.One of my applicators is shown in FIG. 8a as general reference 45 and includes a handle portion 46 having an internally threaded bore 47 defined axially therein for receiving and securing extension handle 48 which has threads 49 defined at one end thereof. Of course, other suitable connection means can be used as desired.
The other end of applicator 45 comprises a roller member 50 mounted for rotation about a hollow shaft 51 having a plurality of radially extending apertures 52 defined therein in communication with a fluid conveying passageway 53 extending therethrough. Roller member 50 is of tubular shape and is mounted on shaft 51 by the coaction of end plates 54, 154 one each being disposed in each open end of tubular roller member 50 and having centrally defined therein, an opening 55, 155, respec tively through which shaft 51 passes. Each of the end plates 54, 154 is preferably formed of a resilient plastic and each of openings 55, is defined with a diameter slightly less than the diameter of shaft 51 so that when shaft 51 passes through each opening 55, 155, the end plates 54, 154 tightly engage the shaft 51 and coact therewith to seal the fluid-tight paint reservoir 61 defined by the roller member 50, shaft 51 and end plates 54, 154.
The relative axial movement of roller member 50 on shaft 51 is prevented by suitable restraining means such as collar 56, at the one end, and lock bolt 57 at the other, whichrespectively engage plates 54, 154 and hold them fixed relative to shaft 51. Shaft 51 is foraminous only within reservoir 61. Outside of reservoir 61, shaft 51 becomes a closed conduit 58 which is curved in a U-like configuration and extends to. hose fitting 27.
The open end 59 of the relative rigid segment 37 of hose 18 is suitably attached to fitting 27 with a clamp 60. Passageway 53 thus extends into communication with hose 18 via conduit 58 and hose fitting 27 whereupon continuous communication exists between hose 18 and paint reservoir 61.
Clamp 60 is of a unique design and warrants special mention, both because of its great usefulness in my device and its obvious potential for other applications.
As shown with particularity in FIG. 8b, the clamp is formed of good springy wire, preferably steel, and is manipulated into a configuration which can be described as an open-ended figure eight. As shown, clamp '60 comprises a first relativley straight portion 101 and'a second relatively straight portion 102 which are integrally joined by a generally circular portion 103 resulting from bending the'wire in' acurvilinear pattern until it crosses back over itself, as at 104-Each of-the portions 101, 102 terminatein an end 105, 106, respectively and are provided with suitable means such as disks107, 108 to permit the ends 105, 106 to be comfortably squeezed together between the operators thumb and forefinger whereupon the area of portion 103 is enlarged.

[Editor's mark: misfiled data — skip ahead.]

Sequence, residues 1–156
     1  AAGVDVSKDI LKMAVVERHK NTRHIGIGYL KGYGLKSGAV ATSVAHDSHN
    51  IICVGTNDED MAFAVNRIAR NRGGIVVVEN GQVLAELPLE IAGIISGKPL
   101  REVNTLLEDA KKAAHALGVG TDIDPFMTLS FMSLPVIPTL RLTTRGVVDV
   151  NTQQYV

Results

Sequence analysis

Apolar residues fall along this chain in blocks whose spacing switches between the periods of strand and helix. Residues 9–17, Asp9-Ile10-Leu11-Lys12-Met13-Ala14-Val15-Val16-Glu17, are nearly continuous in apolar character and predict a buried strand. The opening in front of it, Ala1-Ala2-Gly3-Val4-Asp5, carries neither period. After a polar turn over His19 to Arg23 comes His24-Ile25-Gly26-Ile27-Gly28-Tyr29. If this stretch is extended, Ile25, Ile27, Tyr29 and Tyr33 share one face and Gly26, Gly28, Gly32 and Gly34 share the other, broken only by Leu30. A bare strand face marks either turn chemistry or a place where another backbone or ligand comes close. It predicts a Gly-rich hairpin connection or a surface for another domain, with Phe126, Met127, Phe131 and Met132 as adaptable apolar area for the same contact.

Accordingly, clamp 60, when disposed in circumscription about applicator fitting 27, permits hose 18 to be readily connected thereto by the operator enlarging portion 103 in the manner described and while the portion 103 is thus enlarged, slipping hose 18 therethrough into copulative engagement with fitting 27.
When hose 18 is thus positioned, the pressure on disks 107, 108 is released and the natural bias of the clamp causes them to recoil from each other and thereby reduce the area of portion 103 until the clamp tightly grips hose 18 into fitting 27 and forms a tight leak proof seal therewith.
Roller 50 is preferably constructed as an inner tube 62 and an outer tube 63, the inner tube 62 being foraminous, that is, provided with a plurality of paint permeable pore 64, and outer tube 63 being formed of a nap-bearing paint permeable fabric.
A second applicator developed by me, which is extremely useful when using my system for edging and for painting flat surfaces such as woodwork and the like, is shown in FIG. 9 and is designated by the general reference 65.
Applicator 65 comprises a generally rectangular d spensing pad 66, which may be made of any suitable paint permeable material. Pad 66 is mounted to and earned by a foraminous plaque 67 which in turn is mounted, in sandwich-like arrangement, with a rectangular resilient frame 68 and a base plate 69. Base plate 69 is provided with rearwardly extending nipple 70 which provides the fitting 27 for attaching hose 18 thereto. Clamp 60 is useful in assuring the integrity of this junction and may be employed here in the fashion already described with respect to applicator 45 if desired.